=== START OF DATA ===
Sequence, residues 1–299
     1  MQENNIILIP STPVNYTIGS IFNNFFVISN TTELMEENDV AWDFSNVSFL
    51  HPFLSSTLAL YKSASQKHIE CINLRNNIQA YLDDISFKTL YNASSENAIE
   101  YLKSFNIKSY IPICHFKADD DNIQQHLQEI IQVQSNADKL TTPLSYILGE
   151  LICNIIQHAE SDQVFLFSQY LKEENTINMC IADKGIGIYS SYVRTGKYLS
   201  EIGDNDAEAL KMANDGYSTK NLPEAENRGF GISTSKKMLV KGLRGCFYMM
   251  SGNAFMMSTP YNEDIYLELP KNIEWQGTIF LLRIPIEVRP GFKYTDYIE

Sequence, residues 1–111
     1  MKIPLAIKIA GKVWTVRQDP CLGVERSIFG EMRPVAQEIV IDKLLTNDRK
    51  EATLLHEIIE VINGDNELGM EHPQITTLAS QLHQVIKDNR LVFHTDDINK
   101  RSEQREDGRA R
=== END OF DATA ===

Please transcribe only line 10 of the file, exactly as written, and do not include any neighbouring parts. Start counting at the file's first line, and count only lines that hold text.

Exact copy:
    51  EATLLHEIIE VINGDNELGM EHPQITTLAS QLHQVIKDNR LVFHTDDINK